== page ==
Politics & Policy

Circle Squared

Iran, Iraq, Syria.

Last week, Alhurra–an Arabic-language television station that is funded by our government–broadcast a taped interview with a terrorist named Moayad Ahmed Yasseen, the leader of Jaish Muhammad (Muhammad’s Army). He was captured nearly two months ago in Fallujah during the liberation of the city.

Yasseen had been a colonel in Saddam’s Army, so he was a fighter of some importance. He told Alhurra that two other former Iraqi military officers belonging to his group were sent “to Iran in April or May, where they met a number of Iranian intelligence officials.” He said they also met with Iran’s supreme leader, Ayatollah Ali Khamenei, and were provided with money, weapons, “and, as far as I know, even car bombs” for Jaish Muhammad.

Yasseen also said he was told by Saddam himself, after the liberation of Iraq in the spring of 2003, to cross into Syria and meet with a Syrian intelligence officer to ask for money and weapons.

So here we have a high-ranking member of the “insurgency,” a textbook case of the sort of Saddam loyalist said to compose the bulk of those fighting against the Coalition. And what does he tell us? He tells us that he has been working closely with Iran and Syria, and that this close working relationship was directed by Saddam. Moreover, his organization, Jaish Muhammad, is an ally of Abu Musab al Zarqawi, himself a longtime resident of Tehran.

In other words, while there are certainly plenty of Saddam loyalists among the terrorists fighting against us, they are receiving support from Damascus and Tehran. Yasseen’s testimony is one of the first bits of intelligence from the Fallujah campaign to reach the public. If we had truly investigative journalists out there, they would be all over this story, which is only one of many that came out of Fallujah. About a month ago, a letter from an Army officer who had fought in Fallujah circulated on the net, and, like Yasseen’s tape, it helps dispel some of the myths clouding our strategic vision.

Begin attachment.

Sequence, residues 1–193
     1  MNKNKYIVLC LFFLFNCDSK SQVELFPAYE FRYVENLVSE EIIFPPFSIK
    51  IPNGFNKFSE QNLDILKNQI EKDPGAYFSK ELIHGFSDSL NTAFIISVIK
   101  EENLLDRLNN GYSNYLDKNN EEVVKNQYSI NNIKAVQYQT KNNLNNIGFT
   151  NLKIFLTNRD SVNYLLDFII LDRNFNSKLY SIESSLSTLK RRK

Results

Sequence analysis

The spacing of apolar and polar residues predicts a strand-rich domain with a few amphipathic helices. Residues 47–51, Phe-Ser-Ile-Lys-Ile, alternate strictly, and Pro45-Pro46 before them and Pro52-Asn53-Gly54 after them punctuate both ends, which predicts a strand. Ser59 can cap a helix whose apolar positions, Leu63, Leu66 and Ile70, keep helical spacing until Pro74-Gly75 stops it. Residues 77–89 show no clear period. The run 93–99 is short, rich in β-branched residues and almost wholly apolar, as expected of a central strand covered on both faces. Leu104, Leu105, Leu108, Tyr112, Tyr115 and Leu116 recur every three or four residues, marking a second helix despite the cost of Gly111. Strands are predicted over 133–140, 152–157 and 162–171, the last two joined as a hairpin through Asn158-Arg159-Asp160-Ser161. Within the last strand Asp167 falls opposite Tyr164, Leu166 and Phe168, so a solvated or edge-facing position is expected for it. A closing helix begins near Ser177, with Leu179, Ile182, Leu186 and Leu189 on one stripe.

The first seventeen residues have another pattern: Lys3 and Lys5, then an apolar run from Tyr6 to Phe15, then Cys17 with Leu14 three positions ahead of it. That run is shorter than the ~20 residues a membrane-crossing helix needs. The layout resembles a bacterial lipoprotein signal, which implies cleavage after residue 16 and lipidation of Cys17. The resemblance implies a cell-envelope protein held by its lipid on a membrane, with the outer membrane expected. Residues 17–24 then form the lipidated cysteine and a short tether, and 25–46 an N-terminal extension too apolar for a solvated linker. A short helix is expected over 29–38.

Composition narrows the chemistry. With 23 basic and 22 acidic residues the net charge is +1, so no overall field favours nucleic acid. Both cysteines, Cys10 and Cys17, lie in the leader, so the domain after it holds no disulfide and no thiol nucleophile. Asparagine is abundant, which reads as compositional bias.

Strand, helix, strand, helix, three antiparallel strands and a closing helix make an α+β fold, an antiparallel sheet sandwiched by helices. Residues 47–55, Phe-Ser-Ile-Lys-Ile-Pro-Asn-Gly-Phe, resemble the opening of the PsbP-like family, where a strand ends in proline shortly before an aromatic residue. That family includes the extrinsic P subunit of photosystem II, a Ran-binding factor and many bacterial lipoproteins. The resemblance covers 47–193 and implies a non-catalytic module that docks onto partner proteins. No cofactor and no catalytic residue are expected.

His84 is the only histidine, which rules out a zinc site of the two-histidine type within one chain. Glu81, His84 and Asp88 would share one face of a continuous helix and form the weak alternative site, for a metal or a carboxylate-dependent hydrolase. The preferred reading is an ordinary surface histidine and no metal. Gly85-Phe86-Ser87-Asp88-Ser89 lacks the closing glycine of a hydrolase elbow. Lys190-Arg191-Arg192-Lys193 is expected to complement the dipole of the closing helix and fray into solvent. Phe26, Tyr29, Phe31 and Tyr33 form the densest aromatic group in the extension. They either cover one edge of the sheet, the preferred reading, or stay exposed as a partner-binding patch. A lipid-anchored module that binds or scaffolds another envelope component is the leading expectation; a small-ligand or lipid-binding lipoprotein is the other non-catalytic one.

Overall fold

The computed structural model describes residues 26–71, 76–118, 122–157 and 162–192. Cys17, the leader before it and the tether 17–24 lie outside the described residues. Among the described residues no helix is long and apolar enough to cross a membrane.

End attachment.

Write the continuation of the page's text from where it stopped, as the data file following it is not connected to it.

“In Fallujah,” we learn, “the enemy had a military-type planning system…Some of the fighters were wearing body armor and Kevlar, just like we do. Soldiers took fire from heavy machine guns (.50 cal) and came across the dead bodies of fighters from Chechnya, Syria, Libya, Saudi Arabia, Jordan, Afghanistan, and so on. No, this was not just a city of pi**ed off Iraqis, mad at the Coalition for forcing Saddam out of power. It was a city full of people from all over the Middle East whose sole mission in life was to kill Americans. Problem for them is that they were in the wrong city in November 2004.”

We killed more than a thousand terrorists in Fallujah, and nearly an equal number surrendered, many of whom provided our military with useful information. Presumably Yasseen’s information has been exploited before letting the Syrians and Iranians know that he has told us all about them.

Perhaps these revelations will help outgoing Secretary of State Colin Powell get on the right side of history before he rejoins civil society. Last September, in an interview with the Washington Times, he said “I don’t think there’s any doubt that the Iranians are involved and are providing support (for the terrorists in Iraq). How much and how influential their support is, I can’t be sure and it’s hard to get a good read on it.”

Perhaps now he’s got a better read. But of course, he chose not to know many things about Iran. He insisted that the Bush administration shut down a channel to a source of information about Iran, even though he knew that the source was reliable, and that information from that source–information concerning Iranian support for anti-American terrorists–had saved American lives in Afghanistan. Had the flow of information continued, we might have had a better picture of our enemies’ intentions and capacities. And such a picture might have convinced Powell that Iran was not, as his deputy Richard Armitage put it, “a democracy,” but a bloodthirsty tyranny that delights in killing Americans, Iraqis, and its own citizens.

Yet, in his final weeks in office, Secretary Powell has unfortunately continued to chant his mantra, “we are not working for regime change in Iran,” as if he were proud of it. He, and his colleagues at State, the National Security Council, the Pentagon, and the CIA, should be ashamed. The mullahs are active supporters of terrorism all over the world, including Iraq, and we cannot expect to win this war so long as they remain in power.

Let’s hope that Dr. Rice is paying close attention to the Yasseen confession, and the many others that will help her realize that there is no escape from the regional war in which we are engaged.

Faster, please.

Michael Ledeen, an NRO contributing editor, is most recently the author of The War Against the Terror Masters. He is resident scholar in the Freedom Chair at the American Enterprise Institute.

Michael LedeenMichael Ledeen is an American historian, philosopher, foreign-policy analyst, and writer. He is a former consultant to the National Security Council, the Department of State, and the Department of Defense. ...


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